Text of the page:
In an interview with the network Monday, Paul said that vaccines are “a good thing” but that parents “should have some input” into whether or not their children must get them.
And he gave credence to the idea – disputed by the majority of the scientific community – that vaccination can lead to mental disabilities.
“I have heard of many tragic cases of walking, talking normal children who wound up with profound mental disorders after vaccines,” he said.
– Rand Paul: Vaccines Can Lead to ‘Mental Disorders’ (NBC News, February 2, 2015)
These statements naturally received tremendous press coverage. In addition to the fact that the media had finally outpaced the doctors in terms of their vaccine conversations, there was another interesting element that came to the fore as a part of this analysis; it’s not only the quantity of the conversation that’s important here; it’s also the nature of that conversation.
In performing a content gap analysis on the two data sets (doctors vs. media in vaccine-related conversations), it became immediately clear that the media largely “played it straight” with regard to reporting the news about Christie and Paul – and that the doctors were not happy about it. The most important phrase in the doctors’ conversations related to the “false balance” that had been embraced by the media.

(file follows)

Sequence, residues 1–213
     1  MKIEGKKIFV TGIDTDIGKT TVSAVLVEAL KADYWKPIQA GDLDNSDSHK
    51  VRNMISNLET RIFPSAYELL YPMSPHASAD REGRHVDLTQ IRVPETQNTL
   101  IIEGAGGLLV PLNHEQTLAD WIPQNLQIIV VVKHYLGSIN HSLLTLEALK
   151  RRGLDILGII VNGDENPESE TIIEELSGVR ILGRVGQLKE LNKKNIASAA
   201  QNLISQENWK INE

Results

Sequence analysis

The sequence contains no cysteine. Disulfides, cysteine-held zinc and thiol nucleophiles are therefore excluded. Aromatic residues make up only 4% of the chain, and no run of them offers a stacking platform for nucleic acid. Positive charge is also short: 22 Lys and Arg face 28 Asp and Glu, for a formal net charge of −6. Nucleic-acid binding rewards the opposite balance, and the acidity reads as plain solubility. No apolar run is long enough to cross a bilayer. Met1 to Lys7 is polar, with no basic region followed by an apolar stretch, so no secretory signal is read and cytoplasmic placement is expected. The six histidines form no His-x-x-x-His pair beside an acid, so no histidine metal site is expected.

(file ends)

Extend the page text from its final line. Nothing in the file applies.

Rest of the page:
What they mean by that is that sometimes “balanced” coverage isn’t actually appropriate. In a case where scientific fact overwhelms illogical superstition to an overwhelming degree, presenting “balanced” coverage is actually giving far more credence to the superstition than it deserves — something akin to the media hosting an open “debate” between a scientist explaining that the earth revolves around the sun, and a traveling salesman who was convinced that the reverse was true. And while it’s true that the anti-vaccine voice is still loud, I have a feeling that the media will come around to the doctors’ point of view without much delay. Now that the doctors are online – effectively members of the media themselves – it’s awfully hard to ignore the fact that nobody in the world is positioned as well as they are to share good, scientifically-based health information to the public.
Thanks are due to Dr. Friedman and the tens of thousands of other doctors who have made it their business to ensure that the public has access to the wisdom and insight of real doctors when they’re searching online for health information.
Greg Matthews is managing director, The W2O Group’s MDigitalLife team. He is also the author of Missing the forest for the trees: The change in physician roles that the healthcare industry missed.